CRA Starts Tracking Tax Cheats by Fingerprinting April 1, 2017

It’s no April Fool’s joke: fingerprints of convicted tax cheats will be recorded in the Canadian Police Information Database (CPID), and accessible by Canadian police and border guards as well as some foreign agencies including the US Homeland Security department starting April 1, 2017.

The mandatory fingerprinting policy was first reported by the CBC, which uncovered the directives under the Access to Information Act, and Moneysense Magazine. Both reports refer to an internal CRA memo on the matter as well as a July 7, 2016 directive, which authorizes the policy and begins tracking those tax cheats who want to leave the country on April 1, 2017. Changes were made to the CRA’s internal policy manuals last fall to accommodate the policy changes.

According to the CRA, persons charged with offenses under the Income Tax Act, Sections 239(1), 239.1 (which references definitions in Section 163.3(1) which will apply here) and 239(1.1) are to be fingerprinted. Those sections are worth the read; as they set out the circumstances in which taxpayers can get themselves into this kind of hot water, and the expensive penalties associated with the crimes:

ITA 239 (1) Every person who has

(a) made, or participated in, assented to or acquiesced in the making of, false or deceptive statements in a return, certificate, statement or answer filed or made as required by or under this Act or a regulation,

(b) to evade payment of a tax imposed by this Act, destroyed, altered, mutilated, secreted or otherwise disposed of the records or books of account of a taxpayer,

(c) made, or assented to or acquiesced in the making of, false or deceptive entries, or omitted, or assented to or acquiesced in the omission, to enter a material particular, in records or books of account of a taxpayer,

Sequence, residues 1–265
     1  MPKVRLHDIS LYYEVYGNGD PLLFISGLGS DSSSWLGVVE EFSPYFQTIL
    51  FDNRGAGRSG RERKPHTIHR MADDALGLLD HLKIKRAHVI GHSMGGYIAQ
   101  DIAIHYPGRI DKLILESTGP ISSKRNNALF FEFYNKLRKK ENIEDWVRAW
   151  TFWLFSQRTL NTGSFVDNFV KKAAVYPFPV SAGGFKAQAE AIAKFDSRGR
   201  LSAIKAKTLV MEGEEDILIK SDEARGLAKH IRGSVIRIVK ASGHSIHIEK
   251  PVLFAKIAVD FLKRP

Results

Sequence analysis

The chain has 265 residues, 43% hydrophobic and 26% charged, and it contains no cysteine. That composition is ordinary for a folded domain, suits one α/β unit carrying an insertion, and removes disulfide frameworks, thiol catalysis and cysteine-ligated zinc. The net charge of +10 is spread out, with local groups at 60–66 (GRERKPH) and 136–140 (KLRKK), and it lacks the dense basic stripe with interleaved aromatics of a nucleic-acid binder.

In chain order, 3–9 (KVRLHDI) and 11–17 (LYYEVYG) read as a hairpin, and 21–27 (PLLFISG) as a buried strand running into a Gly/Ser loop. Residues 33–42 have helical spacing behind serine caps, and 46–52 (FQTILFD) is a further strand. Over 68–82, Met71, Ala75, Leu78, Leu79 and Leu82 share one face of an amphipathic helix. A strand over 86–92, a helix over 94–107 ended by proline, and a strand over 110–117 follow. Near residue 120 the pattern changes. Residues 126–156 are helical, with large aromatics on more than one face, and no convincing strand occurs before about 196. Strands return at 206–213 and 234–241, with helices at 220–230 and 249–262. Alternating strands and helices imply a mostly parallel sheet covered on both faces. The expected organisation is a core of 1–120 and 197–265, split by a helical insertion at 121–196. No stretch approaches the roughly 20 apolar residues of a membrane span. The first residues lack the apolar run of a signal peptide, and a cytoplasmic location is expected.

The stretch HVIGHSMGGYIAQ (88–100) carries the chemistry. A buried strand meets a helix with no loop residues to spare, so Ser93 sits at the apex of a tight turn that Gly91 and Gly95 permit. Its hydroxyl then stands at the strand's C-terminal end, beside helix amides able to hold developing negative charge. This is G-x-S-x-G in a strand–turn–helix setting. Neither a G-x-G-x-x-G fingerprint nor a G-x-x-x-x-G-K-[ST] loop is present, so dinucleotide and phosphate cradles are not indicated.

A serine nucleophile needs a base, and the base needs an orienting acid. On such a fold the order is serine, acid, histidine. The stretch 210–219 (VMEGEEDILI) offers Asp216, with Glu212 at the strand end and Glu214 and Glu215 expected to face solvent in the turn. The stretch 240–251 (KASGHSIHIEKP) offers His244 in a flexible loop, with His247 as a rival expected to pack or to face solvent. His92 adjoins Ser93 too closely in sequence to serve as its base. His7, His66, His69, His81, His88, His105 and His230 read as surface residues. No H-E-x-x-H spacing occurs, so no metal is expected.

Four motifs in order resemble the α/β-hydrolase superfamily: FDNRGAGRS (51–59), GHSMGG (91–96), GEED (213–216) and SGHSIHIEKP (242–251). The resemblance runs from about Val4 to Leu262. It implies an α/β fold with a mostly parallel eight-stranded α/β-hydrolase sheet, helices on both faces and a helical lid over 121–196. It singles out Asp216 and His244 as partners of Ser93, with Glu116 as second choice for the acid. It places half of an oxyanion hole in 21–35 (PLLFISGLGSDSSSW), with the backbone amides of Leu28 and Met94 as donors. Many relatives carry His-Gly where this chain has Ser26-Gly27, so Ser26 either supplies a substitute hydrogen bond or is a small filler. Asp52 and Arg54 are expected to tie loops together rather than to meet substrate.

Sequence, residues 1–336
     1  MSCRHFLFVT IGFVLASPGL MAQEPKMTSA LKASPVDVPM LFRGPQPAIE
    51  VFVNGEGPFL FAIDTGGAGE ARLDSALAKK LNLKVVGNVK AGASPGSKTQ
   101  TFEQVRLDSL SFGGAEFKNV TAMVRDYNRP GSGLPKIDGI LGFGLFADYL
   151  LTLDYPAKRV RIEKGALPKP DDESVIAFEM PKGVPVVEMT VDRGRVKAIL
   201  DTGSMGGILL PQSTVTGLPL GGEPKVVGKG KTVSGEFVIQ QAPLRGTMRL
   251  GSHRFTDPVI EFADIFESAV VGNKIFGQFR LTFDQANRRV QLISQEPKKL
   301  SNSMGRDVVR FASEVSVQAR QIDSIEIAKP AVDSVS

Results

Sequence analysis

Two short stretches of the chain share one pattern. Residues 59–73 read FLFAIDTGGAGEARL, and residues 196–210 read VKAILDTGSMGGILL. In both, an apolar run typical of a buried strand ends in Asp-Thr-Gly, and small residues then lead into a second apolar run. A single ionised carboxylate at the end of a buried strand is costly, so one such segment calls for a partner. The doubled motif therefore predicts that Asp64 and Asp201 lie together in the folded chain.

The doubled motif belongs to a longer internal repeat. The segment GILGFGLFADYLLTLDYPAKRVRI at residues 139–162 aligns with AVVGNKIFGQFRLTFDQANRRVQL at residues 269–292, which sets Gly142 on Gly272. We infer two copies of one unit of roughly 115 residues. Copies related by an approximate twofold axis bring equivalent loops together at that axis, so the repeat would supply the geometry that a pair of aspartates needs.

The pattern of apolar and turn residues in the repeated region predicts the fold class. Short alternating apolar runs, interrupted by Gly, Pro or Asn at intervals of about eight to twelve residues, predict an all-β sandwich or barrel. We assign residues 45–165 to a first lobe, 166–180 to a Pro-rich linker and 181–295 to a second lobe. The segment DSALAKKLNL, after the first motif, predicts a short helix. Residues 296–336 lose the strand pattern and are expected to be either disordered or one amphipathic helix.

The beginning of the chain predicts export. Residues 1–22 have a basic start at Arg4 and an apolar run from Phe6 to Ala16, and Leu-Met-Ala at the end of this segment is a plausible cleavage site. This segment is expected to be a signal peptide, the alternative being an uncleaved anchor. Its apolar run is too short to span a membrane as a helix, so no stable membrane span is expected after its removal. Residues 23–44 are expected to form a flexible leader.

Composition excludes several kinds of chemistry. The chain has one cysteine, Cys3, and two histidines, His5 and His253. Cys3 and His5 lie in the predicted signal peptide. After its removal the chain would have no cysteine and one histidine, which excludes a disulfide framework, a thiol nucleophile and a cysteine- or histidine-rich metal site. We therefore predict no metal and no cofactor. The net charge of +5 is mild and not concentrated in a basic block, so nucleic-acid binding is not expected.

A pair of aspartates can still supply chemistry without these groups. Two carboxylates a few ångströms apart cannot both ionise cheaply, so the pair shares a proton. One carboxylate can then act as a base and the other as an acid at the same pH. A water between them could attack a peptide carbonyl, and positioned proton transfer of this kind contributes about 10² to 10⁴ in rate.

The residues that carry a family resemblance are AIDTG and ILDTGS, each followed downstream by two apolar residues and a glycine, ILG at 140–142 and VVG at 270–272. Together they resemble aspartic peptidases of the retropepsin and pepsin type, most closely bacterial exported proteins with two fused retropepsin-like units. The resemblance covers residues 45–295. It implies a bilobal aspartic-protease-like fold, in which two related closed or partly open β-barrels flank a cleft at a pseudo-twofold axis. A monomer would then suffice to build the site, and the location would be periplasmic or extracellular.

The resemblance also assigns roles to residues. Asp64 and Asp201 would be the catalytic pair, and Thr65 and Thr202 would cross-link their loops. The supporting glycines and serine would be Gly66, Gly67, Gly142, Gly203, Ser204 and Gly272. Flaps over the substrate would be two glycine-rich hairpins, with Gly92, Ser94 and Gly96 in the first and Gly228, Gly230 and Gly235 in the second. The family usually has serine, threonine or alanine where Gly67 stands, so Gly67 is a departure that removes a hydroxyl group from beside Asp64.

(d) willfully, in any manner, evaded or attempted to evade compliance with this Act or payment of taxes imposed by this Act, or

(e) conspired with any person to commit an offence described in paragraphs 239(1)(a) to 239(1)(d),

is guilty of an offence and, in addition to any penalty otherwise provided, is liable on summary conviction to

(f) a fine of not less than 50%, and not more than 200%, of the amount of the tax that was sought to be evaded, or

(g) both the fine described in paragraph 239(1)(f) and imprisonment for a term not exceeding 2 years.

Offenses re refunds and credits

(1.1) Every person who obtains or claims a refund or credit under this Act to which the person or any other person is not entitled or obtains or claims a refund or credit under this Act in an amount that is greater than the amount to which the person or other person is entitled

(a) by making, or participating in, assenting to or acquiescing in the making of, a false or deceptive statement in a return, certificate, statement or answer filed or made under this Act or a regulation,

(b) by destroying, altering, mutilating, hiding or otherwise disposing of a record or book of account of the person or other person,

(c) by making, or assenting to or acquiescing in the making of, a false or deceptive entry in a record or book of account of the person or other person,